Monday, June 29, 2009

We Have Questions! (Part 1)

"What shall I write about today?" is always a vexing question.

Happily, readers have come to my rescue with a variety of tough questions. I'll start with two:

1. What clauses would you recommend to protect, assist with and reduce the costs associated with software compliance audits?

To limit the likelihood of "fishing expedition" audits, I typically use language such as:

"Vendor may audit Customer's compliance with this Agreement no more than once each year during the Term hereof. Such audits shall be:

  • Conducted by properly trained personnel and in a manner designed to minimize disruption of Customer's business operations;
  • Restricted to those records, files and machines as are reasonably necessary to provide accurate verification of Customer's use of the licensed software; and,
  • Solely at Vendor's expense."
Vendors might respond "We need a right to audit more than once a year if we receive credible evidence of license violations," and "If we discover a significant violation, Customer should pay for the cost of the audit." These are commercially reasonable requests, but need not be "freebies." If an audit discloses a violations, it may make sense for customer to pay for the audit cost, and pay the necessary additional license fees, but nothing more. Unless the audit discloses deliberate attempts to pirate vendor's software, customer should not incur additional penalties.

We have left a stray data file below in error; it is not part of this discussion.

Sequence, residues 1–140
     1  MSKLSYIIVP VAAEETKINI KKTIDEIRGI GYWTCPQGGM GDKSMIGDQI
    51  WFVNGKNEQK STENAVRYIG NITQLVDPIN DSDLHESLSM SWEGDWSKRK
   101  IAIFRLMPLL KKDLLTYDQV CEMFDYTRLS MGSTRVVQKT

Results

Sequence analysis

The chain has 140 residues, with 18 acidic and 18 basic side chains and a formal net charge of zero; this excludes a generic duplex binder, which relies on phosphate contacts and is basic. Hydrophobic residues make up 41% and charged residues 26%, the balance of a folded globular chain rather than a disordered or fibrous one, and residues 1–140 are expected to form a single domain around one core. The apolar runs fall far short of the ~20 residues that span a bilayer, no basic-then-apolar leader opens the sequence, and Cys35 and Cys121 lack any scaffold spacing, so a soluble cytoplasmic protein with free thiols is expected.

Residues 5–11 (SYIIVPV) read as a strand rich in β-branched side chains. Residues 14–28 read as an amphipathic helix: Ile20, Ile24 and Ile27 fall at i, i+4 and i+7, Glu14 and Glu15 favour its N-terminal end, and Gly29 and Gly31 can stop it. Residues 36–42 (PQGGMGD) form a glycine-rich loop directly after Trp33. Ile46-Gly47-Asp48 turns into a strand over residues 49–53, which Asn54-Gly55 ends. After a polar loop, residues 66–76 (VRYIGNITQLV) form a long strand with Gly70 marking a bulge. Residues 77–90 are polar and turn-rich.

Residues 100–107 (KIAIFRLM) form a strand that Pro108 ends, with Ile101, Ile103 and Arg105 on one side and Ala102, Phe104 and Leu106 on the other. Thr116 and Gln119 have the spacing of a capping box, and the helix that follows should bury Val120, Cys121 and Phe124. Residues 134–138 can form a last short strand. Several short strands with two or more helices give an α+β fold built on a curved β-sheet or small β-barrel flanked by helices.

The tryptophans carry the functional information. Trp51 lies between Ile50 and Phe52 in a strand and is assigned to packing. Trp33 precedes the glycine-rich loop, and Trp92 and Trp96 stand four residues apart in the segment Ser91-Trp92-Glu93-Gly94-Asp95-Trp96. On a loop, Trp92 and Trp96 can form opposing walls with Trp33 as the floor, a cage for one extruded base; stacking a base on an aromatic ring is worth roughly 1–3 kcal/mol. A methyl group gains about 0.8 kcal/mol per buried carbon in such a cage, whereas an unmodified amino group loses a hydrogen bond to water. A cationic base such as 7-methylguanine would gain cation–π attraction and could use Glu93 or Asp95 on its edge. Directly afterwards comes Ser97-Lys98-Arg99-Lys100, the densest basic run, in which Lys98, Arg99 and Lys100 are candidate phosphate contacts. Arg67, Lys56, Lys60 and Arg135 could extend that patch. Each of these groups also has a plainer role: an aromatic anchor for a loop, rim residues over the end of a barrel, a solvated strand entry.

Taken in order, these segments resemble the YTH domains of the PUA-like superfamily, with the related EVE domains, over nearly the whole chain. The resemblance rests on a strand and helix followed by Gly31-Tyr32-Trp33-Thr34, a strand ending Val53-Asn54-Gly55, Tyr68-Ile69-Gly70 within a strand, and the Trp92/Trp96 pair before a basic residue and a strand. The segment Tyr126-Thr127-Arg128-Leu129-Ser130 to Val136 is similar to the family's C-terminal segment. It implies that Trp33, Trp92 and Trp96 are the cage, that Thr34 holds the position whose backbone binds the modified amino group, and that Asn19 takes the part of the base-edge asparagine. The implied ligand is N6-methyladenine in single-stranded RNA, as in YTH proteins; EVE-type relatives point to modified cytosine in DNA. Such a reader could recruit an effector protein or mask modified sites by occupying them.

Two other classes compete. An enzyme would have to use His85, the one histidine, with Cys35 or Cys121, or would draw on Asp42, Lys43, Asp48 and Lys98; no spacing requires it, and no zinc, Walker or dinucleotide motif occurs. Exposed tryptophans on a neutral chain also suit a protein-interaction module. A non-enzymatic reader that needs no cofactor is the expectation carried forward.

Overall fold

The best response to an audit, however, is to maintain careful records of licensed and installed software and to actively enforce policies against the use of unauthorized software. If you know what you have "in house," you will have no need to worry when the auditor knocks at the door. And, if you can present the auditor with complete records that answer all his/her questions, you may very well cut down the time needed for the audit.

2. Please comment on ways to protect a creative invention while searching for funding.

The short answer is "Consult a patent attorney."

A patent attorney is an attorney registered to practice before the Patent and Trademark Office. They are trained in the rules governing what can, and cannot be patented, and in the procedures for filing a patent (in legal-speak, "prosecuting an application). I am not a patent lawyer, but I can comment on the obvious pitfalls.

Create an invention disclosure.

Write up a narrative describing what you invented, when and how. Have your signature notarized and lock the original away in a safe place. Share only photocopies, not the original.

Use a nondisclosure agreement.